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Jury selection to begin Tuesday morning in Chauvin trial unless court of appeals intervenes

"Unless the court of appeals tells me otherwise, we're going to keep moving," Judge Peter Cahill said after the prosecution asked the higher court for a stay.

MINNEAPOLIS — Monday, March 8

  • Jury selection in the murder trial of Derek Chauvin delayed until at least Tuesday
  • Prosecution asking the Minnesota Court of Appeals to put jury selection on hold
  • Defense plans to ask state Supreme Court to review the issue of adding the third-degree murder charge
  • More than a dozen activist groups marching in downtown Minneapolis
  • George Floyd's sister after sitting in courtroom with Chauvin: 'I just really wanted that officer to know how much love Floyd had'

Jury selection in the highest profile murder case in recent memory has been delayed at least a day, but the judge says it will start Tuesday unless a higher court orders him to stop.

Most of the debate centers around a potential third-degree murder charge that could be added to the case, an issue that is now making its way through the higher courts.

The defense attorney for Derek Chauvin said Monday morning that he intends to ask the state Supreme Court to review the appeals court's decision on that charge. In light of that, the prosecution asked the judge to delay jury selection. He refused, so the prosecution is asking the court of appeals for a stay.

The court of appeals has agreed to consider the prosecution's request for a stay, but has not given any indication of whether proceedings should pause while they decide. Judge Peter Cahill delayed jury selection until Tuesday, but said at the end of proceedings Monday, "Unless the court of appeals tells me otherwise, we're going to keep moving."

Meanwhile, demonstrators are marching through downtown Minneapolis, chanting for justice for George Floyd.  

KARE 11 has live updates below, and Lou Raguse is posting about the day's developments on Twitter.

3:45 p.m.

George Floyd's sister, Bridgett, spoke to the media after the first day of court proceedings in the Derek Chauvin murder trial.

“It’s an honor to see the support and love that is out here today, that has been out here for nine months,” she said. “But it’s not an honor to be standing out here talking about him because of a knee on his neck.”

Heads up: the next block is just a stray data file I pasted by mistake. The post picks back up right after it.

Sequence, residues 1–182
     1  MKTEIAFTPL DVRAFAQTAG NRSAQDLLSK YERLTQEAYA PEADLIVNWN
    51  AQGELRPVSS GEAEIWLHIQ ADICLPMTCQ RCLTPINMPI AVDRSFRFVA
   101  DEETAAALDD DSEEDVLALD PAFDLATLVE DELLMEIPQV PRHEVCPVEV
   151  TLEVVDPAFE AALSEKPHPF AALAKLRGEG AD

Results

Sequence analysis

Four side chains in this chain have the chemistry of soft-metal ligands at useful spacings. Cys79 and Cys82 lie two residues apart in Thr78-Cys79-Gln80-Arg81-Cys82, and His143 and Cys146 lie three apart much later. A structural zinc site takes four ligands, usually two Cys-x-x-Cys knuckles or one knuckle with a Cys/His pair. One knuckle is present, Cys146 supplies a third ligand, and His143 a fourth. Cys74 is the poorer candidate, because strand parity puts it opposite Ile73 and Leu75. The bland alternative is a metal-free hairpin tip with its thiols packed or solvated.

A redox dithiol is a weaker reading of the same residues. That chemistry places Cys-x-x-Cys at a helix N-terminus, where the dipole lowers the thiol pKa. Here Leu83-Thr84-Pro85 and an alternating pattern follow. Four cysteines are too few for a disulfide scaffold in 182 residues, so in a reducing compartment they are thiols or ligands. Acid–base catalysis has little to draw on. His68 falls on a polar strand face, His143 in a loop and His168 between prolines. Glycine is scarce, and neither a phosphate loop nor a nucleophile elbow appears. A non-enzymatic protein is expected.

Judge Peter Cahill has ruled that the family may have one person in the courtroom at a time due to COVID-19 restrictions. Bridgett Floyd was the George Floyd family representative on Monday.

“I’m here to be his voice today,” she said. “My family and I are glad the wait is finally over and the day is here. We are praying for justice. Our hope is that justice prevails and we can all use this as an opportunity to be better and do better for those around us.”

Bridgett Floyd acknowledged that it was difficult to be in the courtroom.

“I sat in the courtroom today and looked at the officer who took my brother’s life,” she said. “I just really wanted that officer to know how much love Floyd had, not only by me and his family, but you guys too and the people around the country."

She remembered George Floyd as someone who would "give the shirt off his back to a stranger." She said he would listen to other's troubles, without letting on that he had troubles of his own.

Bridgett said Floyd was family-oriented and that his daughter, Gianna, meant the world to him. 

"We will never get that back," she said. "I want you guys to continue to pray for our family, because we need it."

1:30 p.m.

Judge Peter Cahill resumed court proceedings Monday at 1:30 p.m. in the case against former Minneapolis police officer Derek Chauvin in the death of George Floyd.

While jury selection was delayed until at least Tuesday, the judge heard some limited unrelated pretrial motions from both the defense and the prosecution.

After the judge denied a prosecution request to delay jury selection on Monday morning, the prosecution asked the Minnesota Court of Appeals to issue a stay on the proceedings. When court resumed at 1:30 p.m., Cahill reported that the Minnesota Court of Appeals has said they will consider the merits of the prosecution’s request. He has decided to move forward with the proceedings unless he is ordered to hold off.

At issue is whether the trial should be halted while a question about an additional third-degree murder charge makes its way through the higher courts. On Friday, the state court of appeals ruled that Judge Cahill must reconsider his decision not to allow that charge. But defense attorney Eric Nelson has said he will ask the state Supreme Court to review that court's decision.

The prosecution wants to hold off on jury selection until that matter is resolved, saying that Cahill does not have jurisdiction, while the defense appeals to the state Supreme Court.

Prosecutor Matthew Frank said Monday afternoon that he remains “concerned about the court proceeding with matters” while the state’s request for a stay is pending.

Nonetheless, Frank began presenting pretrial motions to the judge. The first motions to be decided had to do with sequestration of witnesses, whether expert witnesses can watch the testimony of other expert witnesses, and what the various parties should be called in the courtroom.

The judge agreed that witnesses cannot watch the live stream of the trial if they are expected to testify again at some point. The state agreed to use names like "George Floyd" rather than phrases like "the victim," but the judge said he won't necessarily police the language that the attorneys use.